Well over 90% of all patients with vascular compression syndromes are girls and women. So, you could talk about a typical woman’s disease here. The reason for this is the anatomical peculiarities in the structure of the pelvic skeleton in women.
During puberty, the pelvis of girls grows more strongly than the pelvis of boys’ in width and depth. Both growth processes favor the development of a particularly pronounced lordosis (hollow back).
By widening the pelvis, the lumbar muscles, which pull from the lumbar spine to the inner thigh and function to flex the hip joint and pull the thigh inward, exert a stronger traction on the lumbar spine of women. Since the spine cannot be compressed, this muscle traction causes a forward curvature of the lumbar spine and thus increased lordosis.
The greater depth of the pelvis in women exerts a greater leverage effect on the hip joint because the hip joint is not in the center of the hip but behind the central line. As a result, the pelvis tilts forward and downwards. This too, produces a stronger lordosis of the lumbar spine, since the lumbar spine attaches directly to the sacrum, which is firmly connected to the other hip bones.
The increased curvature of the lumbar spine in women, depending on the extent of the lordosis, sometimes has serious effects on their internal organs. The left renal vein, which runs in front of the spine will become compressed at the vertex of the lordosis. The blood of the congested left renal vein the runs downwards, via the left ovarian vein, into the pelvis.
The second most common feature in the development of compression syndromes is the compression of the nervous plexus around the celiac trunk, exerted by the traction of the diaphragmatic crura, which are attached to the lumbar spine. This disease is called arcuate ligamentum syndrome or Dunbar syndrome.
Later, the tilting of the pelvis often causes the sacrum to be pressed against the left common iliac vein from behind. Consequently, this vein is compressed between the sacral bone and the right common iliac artery. This disease is called May-Thurner-Syndrome.
Initially, often during puberty, typical symptoms of women are mainly upper abdominal pain (due to left renal vein compression and celiac plexus irritation) and the commonly considered “normal” menstrual cramps.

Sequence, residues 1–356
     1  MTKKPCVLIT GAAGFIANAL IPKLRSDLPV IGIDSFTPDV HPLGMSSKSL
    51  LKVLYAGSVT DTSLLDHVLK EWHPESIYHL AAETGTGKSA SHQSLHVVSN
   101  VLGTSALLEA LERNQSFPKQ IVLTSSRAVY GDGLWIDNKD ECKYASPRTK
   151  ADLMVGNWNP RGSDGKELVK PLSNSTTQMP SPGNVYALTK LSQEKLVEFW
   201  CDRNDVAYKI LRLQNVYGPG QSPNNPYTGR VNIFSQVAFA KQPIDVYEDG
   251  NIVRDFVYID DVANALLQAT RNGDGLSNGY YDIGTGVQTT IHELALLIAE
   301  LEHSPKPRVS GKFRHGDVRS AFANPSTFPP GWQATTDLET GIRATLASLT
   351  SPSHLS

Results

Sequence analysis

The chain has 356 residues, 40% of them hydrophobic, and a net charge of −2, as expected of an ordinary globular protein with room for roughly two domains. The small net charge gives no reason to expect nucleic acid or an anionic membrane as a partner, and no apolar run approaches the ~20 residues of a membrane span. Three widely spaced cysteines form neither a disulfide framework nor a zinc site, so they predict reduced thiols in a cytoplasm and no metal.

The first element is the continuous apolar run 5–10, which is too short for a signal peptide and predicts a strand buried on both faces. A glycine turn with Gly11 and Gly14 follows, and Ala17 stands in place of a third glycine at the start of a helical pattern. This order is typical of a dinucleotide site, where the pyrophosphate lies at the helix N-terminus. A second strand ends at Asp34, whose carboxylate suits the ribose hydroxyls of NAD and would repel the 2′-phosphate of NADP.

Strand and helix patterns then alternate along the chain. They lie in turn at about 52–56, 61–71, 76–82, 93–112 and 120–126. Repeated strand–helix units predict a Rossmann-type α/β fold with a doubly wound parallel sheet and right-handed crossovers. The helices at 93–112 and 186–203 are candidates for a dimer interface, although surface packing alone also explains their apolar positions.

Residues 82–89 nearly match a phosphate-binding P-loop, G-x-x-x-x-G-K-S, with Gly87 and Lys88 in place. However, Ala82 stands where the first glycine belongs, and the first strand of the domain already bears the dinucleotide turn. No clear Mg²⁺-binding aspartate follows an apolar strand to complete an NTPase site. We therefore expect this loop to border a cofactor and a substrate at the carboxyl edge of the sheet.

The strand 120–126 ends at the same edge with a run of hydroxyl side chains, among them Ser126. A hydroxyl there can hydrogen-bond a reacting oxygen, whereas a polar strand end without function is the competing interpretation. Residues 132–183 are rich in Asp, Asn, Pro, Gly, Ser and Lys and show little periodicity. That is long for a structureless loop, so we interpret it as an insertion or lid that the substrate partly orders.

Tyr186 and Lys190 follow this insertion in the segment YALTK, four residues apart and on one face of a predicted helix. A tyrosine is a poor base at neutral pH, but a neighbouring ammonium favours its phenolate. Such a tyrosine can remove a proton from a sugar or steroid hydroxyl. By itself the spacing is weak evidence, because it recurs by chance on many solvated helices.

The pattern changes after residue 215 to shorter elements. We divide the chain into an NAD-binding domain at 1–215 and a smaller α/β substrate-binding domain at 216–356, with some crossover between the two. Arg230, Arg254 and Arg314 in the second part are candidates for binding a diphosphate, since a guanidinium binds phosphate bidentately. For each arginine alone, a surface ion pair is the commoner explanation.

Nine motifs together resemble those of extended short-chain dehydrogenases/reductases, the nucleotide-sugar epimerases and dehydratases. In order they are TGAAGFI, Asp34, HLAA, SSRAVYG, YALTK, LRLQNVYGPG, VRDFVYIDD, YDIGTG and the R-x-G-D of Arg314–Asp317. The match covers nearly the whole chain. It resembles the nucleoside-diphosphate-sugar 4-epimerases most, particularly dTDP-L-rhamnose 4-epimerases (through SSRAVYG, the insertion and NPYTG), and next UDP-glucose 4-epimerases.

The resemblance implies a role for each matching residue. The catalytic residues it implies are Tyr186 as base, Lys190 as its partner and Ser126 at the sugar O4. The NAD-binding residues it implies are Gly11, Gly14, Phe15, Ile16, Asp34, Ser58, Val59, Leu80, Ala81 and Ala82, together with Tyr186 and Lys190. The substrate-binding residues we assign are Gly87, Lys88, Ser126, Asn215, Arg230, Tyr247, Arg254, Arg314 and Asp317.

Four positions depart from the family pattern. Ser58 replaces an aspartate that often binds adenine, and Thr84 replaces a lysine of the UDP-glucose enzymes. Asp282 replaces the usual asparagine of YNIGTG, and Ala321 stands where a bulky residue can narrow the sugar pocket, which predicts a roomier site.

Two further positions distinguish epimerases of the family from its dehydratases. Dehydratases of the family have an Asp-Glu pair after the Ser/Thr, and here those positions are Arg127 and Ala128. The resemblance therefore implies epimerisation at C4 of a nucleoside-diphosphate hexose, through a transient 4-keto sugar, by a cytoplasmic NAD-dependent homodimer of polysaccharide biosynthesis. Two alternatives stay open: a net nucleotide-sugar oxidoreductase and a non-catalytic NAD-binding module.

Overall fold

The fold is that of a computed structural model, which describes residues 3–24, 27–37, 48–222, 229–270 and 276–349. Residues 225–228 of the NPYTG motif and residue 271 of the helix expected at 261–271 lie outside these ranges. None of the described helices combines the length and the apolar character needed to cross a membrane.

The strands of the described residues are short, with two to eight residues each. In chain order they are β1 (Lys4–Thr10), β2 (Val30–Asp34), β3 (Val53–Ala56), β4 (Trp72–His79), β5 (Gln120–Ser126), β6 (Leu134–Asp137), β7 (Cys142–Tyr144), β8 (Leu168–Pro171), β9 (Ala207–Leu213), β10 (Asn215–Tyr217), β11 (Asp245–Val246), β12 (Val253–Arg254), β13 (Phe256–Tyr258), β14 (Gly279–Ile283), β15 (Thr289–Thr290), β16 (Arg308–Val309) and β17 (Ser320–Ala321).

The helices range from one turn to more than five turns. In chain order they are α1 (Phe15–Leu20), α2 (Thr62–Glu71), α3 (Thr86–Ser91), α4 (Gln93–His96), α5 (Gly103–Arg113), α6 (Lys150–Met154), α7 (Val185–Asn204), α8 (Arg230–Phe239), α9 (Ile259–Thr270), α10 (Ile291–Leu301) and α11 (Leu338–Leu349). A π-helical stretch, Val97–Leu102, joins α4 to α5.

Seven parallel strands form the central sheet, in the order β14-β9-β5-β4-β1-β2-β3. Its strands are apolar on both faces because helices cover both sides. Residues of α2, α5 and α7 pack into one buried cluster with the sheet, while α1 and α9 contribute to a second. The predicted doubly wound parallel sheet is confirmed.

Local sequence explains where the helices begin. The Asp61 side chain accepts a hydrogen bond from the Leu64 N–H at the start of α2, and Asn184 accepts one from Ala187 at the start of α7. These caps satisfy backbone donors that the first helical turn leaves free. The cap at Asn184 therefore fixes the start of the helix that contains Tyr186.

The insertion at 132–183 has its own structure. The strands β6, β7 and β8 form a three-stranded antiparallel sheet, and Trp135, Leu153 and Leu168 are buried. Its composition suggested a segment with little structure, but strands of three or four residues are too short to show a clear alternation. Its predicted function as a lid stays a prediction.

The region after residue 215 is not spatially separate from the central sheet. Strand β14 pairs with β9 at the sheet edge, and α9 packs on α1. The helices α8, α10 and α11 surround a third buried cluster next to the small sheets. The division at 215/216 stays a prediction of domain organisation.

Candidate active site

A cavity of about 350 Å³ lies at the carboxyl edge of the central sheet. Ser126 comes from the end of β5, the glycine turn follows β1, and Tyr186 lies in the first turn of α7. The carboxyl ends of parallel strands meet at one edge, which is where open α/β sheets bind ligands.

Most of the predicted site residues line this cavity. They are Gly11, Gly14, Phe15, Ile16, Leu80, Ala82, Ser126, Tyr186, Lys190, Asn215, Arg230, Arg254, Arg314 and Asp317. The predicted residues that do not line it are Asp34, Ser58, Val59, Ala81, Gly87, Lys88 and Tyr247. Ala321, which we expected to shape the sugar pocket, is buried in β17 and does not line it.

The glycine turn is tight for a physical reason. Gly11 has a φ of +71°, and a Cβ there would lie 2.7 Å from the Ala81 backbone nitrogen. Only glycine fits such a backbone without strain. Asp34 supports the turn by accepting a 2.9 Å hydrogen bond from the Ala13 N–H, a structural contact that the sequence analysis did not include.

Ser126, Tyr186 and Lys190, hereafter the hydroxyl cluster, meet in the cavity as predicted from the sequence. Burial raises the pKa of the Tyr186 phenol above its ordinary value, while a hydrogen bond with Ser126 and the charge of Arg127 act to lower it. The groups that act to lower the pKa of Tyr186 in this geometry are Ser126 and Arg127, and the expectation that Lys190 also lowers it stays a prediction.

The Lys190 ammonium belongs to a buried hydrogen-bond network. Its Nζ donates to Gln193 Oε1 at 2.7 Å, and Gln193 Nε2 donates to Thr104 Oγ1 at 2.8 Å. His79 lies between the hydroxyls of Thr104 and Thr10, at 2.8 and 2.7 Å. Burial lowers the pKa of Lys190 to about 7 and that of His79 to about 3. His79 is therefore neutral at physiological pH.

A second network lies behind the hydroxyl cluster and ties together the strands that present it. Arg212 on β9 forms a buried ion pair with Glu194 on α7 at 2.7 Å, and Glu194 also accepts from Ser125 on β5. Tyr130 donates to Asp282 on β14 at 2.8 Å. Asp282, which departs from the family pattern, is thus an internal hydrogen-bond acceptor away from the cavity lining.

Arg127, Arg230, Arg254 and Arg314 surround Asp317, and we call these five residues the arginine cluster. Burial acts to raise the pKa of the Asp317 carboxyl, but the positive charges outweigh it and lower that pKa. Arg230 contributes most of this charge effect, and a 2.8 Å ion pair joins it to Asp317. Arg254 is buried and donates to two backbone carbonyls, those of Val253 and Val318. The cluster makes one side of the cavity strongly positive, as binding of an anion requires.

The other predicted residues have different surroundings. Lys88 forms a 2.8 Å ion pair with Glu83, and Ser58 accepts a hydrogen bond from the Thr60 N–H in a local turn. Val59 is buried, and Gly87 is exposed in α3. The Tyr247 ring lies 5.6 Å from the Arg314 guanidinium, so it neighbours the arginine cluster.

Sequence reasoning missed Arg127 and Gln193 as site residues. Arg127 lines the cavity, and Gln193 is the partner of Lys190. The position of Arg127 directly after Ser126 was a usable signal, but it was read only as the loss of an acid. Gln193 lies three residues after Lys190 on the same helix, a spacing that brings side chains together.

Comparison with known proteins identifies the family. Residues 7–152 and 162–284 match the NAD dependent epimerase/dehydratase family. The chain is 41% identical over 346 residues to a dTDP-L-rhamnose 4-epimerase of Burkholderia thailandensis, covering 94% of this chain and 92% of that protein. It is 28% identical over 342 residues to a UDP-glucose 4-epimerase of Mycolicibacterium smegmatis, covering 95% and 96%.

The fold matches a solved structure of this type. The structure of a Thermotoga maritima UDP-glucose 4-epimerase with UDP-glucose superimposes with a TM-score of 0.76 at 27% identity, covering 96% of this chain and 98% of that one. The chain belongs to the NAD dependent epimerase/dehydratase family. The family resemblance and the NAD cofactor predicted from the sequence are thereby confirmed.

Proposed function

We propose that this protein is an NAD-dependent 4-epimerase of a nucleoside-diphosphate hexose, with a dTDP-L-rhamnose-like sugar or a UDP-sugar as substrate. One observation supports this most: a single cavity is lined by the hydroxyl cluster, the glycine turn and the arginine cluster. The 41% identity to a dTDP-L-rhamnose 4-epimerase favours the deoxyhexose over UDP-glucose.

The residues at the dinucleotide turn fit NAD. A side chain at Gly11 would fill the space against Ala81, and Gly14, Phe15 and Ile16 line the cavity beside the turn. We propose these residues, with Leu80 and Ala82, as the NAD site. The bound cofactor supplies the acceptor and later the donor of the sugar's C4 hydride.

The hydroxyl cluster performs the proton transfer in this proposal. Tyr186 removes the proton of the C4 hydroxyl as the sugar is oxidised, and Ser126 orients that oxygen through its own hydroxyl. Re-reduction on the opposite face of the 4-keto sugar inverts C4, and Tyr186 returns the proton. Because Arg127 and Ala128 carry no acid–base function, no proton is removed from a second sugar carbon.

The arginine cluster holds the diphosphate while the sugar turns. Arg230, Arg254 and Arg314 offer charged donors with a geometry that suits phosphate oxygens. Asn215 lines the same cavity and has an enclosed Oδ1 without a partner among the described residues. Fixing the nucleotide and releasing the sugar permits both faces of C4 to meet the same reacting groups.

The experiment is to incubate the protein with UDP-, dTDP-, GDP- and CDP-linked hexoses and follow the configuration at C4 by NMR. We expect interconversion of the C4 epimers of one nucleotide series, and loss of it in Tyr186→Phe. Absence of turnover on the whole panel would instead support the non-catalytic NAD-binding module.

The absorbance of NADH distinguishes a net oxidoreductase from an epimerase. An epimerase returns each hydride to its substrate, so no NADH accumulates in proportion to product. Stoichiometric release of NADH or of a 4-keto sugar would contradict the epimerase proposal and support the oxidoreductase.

From the aspect of vascular compression syndromes, severe menstrual pain is readily understandable.
Much of the blood which is trapped wihtin the renal vein and left common iliac vein must pass across the uterus and ovaries to reach the inferior vena cava on the right side of the spine. It must move from the left to right side of the body. Other organs, also located in the midline of the pelvis, such as the bladder, rectum, and vagina, are often affected too since they become bridges for the congested blood.
Only if the blood from the left hemisphere of the pelvis passes easily, merely unresisted, through the uterus, than the pressure within the left pelvic or spinal veins is so little that the women are not in pain.
During the menstrual cycle, however, blood flow through the uterus changes considerably. At the beginning of the cycle the lining of the uterus builds up and the blood flow gradually increases.
With ovulation, around the 14th day of the cycle, once again a rapid increase in circulation is observed. This allows a much better transit of blood through the uterus. However, shortly before the onset of menstrual bleeding, the blood flow to the uterus drops sharply. This has been scientifically demonstrated in both magnetic resonance imaging and transvaginal Doppler sonography.
Suddenly, a high resistance against the transit of blood, which is pooled within the left pelvic hemisphere, develops. Accordingly, the pressure in the left uterine, ovarian and pelvic veins increases steeply. Since these veins are inflamed as a result of their chronic distension, the fast pressure rise within the left pelvic veins leads to severe menstrual pain.